At the end, we will have a sharply focused, clearly defined procedure that tells management what needs to be changed, how much change can be achieved within given limitations, and how to measure accurately our processes against those of others and against our own future projections.
Step 2. Determine organizations to be benchmarked.
This step determines which organizations should be studied by identifying the best organizations whose practices can be adapted to our requirements. An incorrect choice could lead to electing partners that are not true benchmarks for the selected process, that are uncooperative, or whose practices are incompatible or irrelevant to our needs.
At the conclusion of step 2, we will have compiled a large list from which to choose organizations to contact as potential partners, based on the superior quality of their processes.
Step 3. Gather data.
The third step involves creating a plan for collecting data from selected targets, conducting site visits, and creating a site visit report. Upon finishing step 3, our organization will have complete, accurate and relevant data with which to compare its own processes with “the best of the best.”
Step 4. Analyze for gaps.
This step involves analyzing the data collected, discovering to what degree present performance lags behind the best in each area, and combining the best features from the best practices into an ideal process. At the completion, relevant features from each of the best practices will combine into an ideal practice that can be implemented within budgetary and other constraints of our organization.
Step 5. Determine future trends.
In this step, we will examine our organization’s past performance in relation to competitors, forecast potential change in our industry, and project future performance, both with and without the proposed benchmarking changes. At the conclusion of this step, we will have identified the quantitative benefits of implementing the proposed benchmarking changes.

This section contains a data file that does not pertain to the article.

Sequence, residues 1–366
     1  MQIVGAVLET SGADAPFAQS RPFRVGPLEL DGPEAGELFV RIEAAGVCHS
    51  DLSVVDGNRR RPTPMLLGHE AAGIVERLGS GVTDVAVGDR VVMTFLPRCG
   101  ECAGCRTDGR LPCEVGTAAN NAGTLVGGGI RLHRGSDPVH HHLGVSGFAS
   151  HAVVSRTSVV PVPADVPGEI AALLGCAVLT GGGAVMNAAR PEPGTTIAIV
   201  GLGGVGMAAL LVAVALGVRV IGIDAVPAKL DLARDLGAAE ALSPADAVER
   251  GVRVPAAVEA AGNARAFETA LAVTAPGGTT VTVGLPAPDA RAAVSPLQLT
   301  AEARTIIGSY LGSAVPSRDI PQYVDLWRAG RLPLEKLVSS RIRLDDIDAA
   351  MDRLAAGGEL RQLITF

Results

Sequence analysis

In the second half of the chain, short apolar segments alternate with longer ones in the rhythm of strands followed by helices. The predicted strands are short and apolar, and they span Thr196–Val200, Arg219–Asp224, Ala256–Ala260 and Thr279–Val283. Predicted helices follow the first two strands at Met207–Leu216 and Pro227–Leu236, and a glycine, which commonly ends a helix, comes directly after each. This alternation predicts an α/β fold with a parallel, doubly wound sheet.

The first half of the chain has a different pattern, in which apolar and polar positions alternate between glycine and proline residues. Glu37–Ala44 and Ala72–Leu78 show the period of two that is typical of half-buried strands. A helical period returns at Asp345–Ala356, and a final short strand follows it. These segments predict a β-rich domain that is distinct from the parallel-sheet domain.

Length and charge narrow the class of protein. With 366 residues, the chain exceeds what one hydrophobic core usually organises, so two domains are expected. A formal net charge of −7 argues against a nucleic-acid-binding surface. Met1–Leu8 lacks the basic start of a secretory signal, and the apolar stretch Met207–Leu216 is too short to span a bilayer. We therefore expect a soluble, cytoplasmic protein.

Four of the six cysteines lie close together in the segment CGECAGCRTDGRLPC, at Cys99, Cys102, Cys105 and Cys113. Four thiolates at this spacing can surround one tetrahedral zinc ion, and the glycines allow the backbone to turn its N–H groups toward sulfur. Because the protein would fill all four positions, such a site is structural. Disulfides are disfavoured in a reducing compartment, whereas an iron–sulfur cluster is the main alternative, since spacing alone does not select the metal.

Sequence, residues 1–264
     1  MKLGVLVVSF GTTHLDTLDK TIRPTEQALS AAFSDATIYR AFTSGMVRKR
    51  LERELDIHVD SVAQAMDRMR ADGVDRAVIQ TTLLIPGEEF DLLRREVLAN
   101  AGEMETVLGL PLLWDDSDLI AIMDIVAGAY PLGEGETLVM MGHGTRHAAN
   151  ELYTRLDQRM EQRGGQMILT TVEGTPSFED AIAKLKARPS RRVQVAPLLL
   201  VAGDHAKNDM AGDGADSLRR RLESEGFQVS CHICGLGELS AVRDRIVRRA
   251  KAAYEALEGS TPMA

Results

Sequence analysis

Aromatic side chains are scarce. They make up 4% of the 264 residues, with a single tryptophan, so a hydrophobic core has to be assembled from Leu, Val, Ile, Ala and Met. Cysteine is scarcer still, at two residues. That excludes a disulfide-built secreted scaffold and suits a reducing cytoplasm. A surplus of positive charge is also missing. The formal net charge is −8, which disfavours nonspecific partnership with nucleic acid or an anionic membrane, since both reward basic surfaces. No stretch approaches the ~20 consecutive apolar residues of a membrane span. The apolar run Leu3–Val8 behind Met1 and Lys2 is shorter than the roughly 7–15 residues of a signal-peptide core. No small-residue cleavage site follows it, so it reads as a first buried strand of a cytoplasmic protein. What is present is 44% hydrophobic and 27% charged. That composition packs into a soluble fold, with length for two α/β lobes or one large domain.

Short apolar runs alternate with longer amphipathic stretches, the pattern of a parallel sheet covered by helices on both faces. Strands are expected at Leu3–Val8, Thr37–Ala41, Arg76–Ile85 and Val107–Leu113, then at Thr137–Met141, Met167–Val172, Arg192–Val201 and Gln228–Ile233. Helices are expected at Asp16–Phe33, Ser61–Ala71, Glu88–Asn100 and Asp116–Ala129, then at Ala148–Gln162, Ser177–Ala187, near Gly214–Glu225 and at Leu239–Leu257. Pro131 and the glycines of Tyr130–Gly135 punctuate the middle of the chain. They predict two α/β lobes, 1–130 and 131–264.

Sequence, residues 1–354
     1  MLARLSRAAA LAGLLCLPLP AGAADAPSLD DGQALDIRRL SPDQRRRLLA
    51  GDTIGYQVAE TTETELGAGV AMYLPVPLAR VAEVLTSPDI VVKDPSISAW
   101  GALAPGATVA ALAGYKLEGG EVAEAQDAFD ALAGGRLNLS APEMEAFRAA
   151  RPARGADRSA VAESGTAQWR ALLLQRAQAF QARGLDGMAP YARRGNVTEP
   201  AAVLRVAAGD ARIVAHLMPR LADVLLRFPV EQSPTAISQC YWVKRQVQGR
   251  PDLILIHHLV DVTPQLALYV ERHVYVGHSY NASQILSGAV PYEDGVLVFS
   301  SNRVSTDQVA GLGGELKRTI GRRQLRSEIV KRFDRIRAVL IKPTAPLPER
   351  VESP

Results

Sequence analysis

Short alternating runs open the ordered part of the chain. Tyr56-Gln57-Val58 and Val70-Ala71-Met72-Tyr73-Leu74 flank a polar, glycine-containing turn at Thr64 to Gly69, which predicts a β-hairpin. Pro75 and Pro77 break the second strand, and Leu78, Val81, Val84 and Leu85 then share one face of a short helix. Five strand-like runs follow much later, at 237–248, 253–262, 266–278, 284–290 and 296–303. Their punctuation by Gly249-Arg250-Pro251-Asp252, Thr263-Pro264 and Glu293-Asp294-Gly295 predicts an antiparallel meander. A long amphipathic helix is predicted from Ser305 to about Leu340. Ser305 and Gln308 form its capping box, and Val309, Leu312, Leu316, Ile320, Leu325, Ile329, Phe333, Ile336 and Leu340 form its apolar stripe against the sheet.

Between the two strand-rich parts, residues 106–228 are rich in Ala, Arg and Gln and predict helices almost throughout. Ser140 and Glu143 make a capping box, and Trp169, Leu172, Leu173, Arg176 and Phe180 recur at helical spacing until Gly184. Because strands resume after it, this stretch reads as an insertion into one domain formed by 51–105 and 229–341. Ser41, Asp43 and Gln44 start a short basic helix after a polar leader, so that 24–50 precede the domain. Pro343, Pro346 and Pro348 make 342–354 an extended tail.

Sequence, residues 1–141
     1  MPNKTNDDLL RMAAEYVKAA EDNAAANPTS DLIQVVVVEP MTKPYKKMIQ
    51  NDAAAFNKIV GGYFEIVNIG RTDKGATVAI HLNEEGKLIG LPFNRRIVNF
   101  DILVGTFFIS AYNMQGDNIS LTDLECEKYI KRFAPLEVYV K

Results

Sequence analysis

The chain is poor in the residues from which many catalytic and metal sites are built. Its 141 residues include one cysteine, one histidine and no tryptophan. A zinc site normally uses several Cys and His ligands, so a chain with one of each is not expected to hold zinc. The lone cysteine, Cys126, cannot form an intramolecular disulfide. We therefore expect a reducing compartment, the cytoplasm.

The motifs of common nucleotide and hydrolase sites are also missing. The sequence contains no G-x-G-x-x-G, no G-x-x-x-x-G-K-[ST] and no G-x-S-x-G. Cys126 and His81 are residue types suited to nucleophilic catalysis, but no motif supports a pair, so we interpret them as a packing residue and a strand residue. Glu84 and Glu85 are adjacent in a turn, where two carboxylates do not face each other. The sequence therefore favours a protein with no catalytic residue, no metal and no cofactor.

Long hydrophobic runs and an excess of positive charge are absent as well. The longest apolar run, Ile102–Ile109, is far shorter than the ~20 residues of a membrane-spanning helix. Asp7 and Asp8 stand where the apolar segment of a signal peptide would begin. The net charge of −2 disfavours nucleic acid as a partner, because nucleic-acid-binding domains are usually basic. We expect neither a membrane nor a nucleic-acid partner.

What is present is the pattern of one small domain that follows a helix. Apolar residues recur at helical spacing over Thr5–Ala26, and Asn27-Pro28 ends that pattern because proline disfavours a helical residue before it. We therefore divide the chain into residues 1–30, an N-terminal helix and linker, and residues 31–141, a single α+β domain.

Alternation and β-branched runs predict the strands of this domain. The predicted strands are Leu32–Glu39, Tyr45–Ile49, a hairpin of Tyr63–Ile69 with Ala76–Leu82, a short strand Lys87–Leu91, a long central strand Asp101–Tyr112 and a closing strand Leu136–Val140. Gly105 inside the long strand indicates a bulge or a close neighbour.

Step 6. Reveal results and sell the process.
This step involves communicating the benchmarking results and their implications to significant audiences in the organization and motivating them to carry out changes. This step will ensure that the advantages of change have been explained to the parties and stakeholders involved in order to motivate them to carry it out.
Step 7. Achieve consensus and revised goals.
This step involves revising goals to close the performance gap determined in step 5 and achieving consensus on those goals. Step 7 establishes clear-cut goals that our management has approved and that all employees understand.
Step 8. Establish action plans.
This step establishes the step-by-step plan designed to bring about the goals created and approved in step 7. Upon completion of step 8, management has approved the specifics of the plan, appropriate individuals have been empowered to carry it out, and every individual knows what changes in his or her work procedure are expected.
Step 9. Implement plans and monitor results.
In this step, we execute the approved best-practice procedures and the day-to-day monitoring of changes. Step 9 develops procedures to enable close monitoring of the changes and tracking of results so that, over time, successful elements of the new practices can be retained and the less successful ones eliminated.
Step 10. Recalibrate benchmarks.
We must continuously evaluate the benchmarked practices and reinstitute the benchmarking process when necessary. After step 10 (and the conclusion of this benchmarking approach), the organization will understand when and how it needs to recalibrate benchmarks and will never put itself at risk by becoming complacent.
For more information on developing world class benchmarks for your organization, take a look at the Flevy business toolkit on Benchmarking.